A Couple Tips on Keeping Use Cases Simple

Use cases are atomic functions that are portable and not dependent upon a certain situation. They are requirement “objects” in the “object oriented” sense. I think that modularity and “reusability” are among the most valuable aspects of using use cases to express requirements.

This modularity can be undermined, though, if we allow our use cases to get too far into specifics and implementation detail.

The book “Use Cases: Requirements in Context”, by Kulak and Guiney, provides us with a couple simple ways to self-check our use cases to ensure that they include the appropriate level of detail, but aren’t reaching too far into design.

Precision Tools: Requirement Structure

I recently posted about the need for accuracy and precision in requirements. In that post, I mentioned that natural language requirements are probably the least precise format for expressing requirements. Many BA’s, myself included, write specs composed of natural language requirements and a few flow diagrams for clarification and context. So, given that natural language is not inherently precise, how do we at least make them as precise as possible?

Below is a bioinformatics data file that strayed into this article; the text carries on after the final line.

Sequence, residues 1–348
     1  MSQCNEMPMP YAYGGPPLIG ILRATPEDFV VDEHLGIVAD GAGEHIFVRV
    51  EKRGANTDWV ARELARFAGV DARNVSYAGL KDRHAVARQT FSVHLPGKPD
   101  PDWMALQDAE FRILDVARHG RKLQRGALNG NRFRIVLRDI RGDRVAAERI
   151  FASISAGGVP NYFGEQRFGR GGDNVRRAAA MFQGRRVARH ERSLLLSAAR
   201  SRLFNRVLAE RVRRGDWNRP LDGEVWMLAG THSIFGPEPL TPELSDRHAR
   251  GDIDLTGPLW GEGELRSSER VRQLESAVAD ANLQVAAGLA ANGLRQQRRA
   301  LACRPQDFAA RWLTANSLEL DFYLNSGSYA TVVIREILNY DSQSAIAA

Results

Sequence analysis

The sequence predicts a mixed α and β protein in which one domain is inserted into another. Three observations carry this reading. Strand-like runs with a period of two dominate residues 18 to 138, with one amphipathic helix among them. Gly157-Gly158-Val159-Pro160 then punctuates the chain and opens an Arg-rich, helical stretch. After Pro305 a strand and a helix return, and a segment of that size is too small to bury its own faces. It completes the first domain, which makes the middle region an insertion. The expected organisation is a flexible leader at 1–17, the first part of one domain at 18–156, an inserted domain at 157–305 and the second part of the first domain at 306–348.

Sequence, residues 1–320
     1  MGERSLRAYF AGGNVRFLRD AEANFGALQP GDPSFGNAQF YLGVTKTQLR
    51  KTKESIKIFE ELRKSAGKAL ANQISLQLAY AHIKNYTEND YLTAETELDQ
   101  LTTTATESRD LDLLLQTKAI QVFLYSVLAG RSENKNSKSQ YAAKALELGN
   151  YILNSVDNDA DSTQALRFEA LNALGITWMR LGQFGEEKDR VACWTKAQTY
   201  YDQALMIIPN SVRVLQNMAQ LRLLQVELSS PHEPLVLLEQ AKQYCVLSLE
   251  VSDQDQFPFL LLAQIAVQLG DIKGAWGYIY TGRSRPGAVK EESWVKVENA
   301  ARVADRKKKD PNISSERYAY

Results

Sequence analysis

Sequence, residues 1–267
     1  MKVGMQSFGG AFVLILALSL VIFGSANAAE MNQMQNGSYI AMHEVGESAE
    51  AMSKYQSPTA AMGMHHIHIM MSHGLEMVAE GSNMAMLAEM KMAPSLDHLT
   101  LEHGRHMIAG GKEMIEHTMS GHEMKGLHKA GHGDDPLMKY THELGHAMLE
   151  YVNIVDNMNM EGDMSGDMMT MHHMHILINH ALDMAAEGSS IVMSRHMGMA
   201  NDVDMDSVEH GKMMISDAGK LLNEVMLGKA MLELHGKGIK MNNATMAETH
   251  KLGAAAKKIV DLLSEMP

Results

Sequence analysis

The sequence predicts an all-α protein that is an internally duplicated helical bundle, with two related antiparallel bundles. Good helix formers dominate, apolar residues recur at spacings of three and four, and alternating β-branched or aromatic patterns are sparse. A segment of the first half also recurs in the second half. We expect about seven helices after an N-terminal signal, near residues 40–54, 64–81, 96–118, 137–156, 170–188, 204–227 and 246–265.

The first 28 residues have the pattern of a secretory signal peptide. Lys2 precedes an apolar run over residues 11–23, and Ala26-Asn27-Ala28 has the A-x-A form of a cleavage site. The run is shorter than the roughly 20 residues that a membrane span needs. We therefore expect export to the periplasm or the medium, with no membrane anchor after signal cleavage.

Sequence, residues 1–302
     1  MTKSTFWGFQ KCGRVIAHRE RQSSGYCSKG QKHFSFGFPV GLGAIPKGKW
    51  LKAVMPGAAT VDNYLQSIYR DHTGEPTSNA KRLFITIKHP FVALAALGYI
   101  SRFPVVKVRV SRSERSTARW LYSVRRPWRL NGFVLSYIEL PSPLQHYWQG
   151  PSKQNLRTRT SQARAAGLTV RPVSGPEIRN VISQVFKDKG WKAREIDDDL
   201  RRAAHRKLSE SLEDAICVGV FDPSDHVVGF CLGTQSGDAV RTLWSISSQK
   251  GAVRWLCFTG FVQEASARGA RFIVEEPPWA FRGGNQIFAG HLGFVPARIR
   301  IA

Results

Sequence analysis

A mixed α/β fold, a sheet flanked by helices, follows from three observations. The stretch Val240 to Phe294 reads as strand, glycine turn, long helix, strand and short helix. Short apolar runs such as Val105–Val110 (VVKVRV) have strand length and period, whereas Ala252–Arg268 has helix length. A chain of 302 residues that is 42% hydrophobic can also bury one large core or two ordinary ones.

What are user stories, and why should I use them?

I have used user stories – or at least something similar – to help me identify user requirements, but have never used them as the means of documenting requirements. I am somewhat familiar with the concept, though, and have been interested in learning more.

I found a great deal of help in Mike Cohn’s article, Advantages of User Stories for Requirements. In this article, Cohn explains user stories and the advantages of using them over traditional, natural language requirements and use cases.